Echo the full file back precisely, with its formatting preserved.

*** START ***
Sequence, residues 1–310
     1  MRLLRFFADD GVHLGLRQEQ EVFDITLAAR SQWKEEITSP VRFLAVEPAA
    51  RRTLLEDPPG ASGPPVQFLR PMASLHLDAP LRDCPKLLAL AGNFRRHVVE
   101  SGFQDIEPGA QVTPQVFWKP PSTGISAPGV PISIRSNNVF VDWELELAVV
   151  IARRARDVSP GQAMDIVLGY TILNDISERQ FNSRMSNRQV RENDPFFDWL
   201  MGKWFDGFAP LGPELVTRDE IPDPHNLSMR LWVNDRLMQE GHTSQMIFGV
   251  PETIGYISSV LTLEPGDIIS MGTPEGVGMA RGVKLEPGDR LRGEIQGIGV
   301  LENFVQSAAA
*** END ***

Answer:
Sequence, residues 1–310
     1  MRLLRFFADD GVHLGLRQEQ EVFDITLAAR SQWKEEITSP VRFLAVEPAA
    51  RRTLLEDPPG ASGPPVQFLR PMASLHLDAP LRDCPKLLAL AGNFRRHVVE
   101  SGFQDIEPGA QVTPQVFWKP PSTGISAPGV PISIRSNNVF VDWELELAVV
   151  IARRARDVSP GQAMDIVLGY TILNDISERQ FNSRMSNRQV RENDPFFDWL
   201  MGKWFDGFAP LGPELVTRDE IPDPHNLSMR LWVNDRLMQE GHTSQMIFGV
   251  PETIGYISSV LTLEPGDIIS MGTPEGVGMA RGVKLEPGDR LRGEIQGIGV
   301  LENFVQSAAA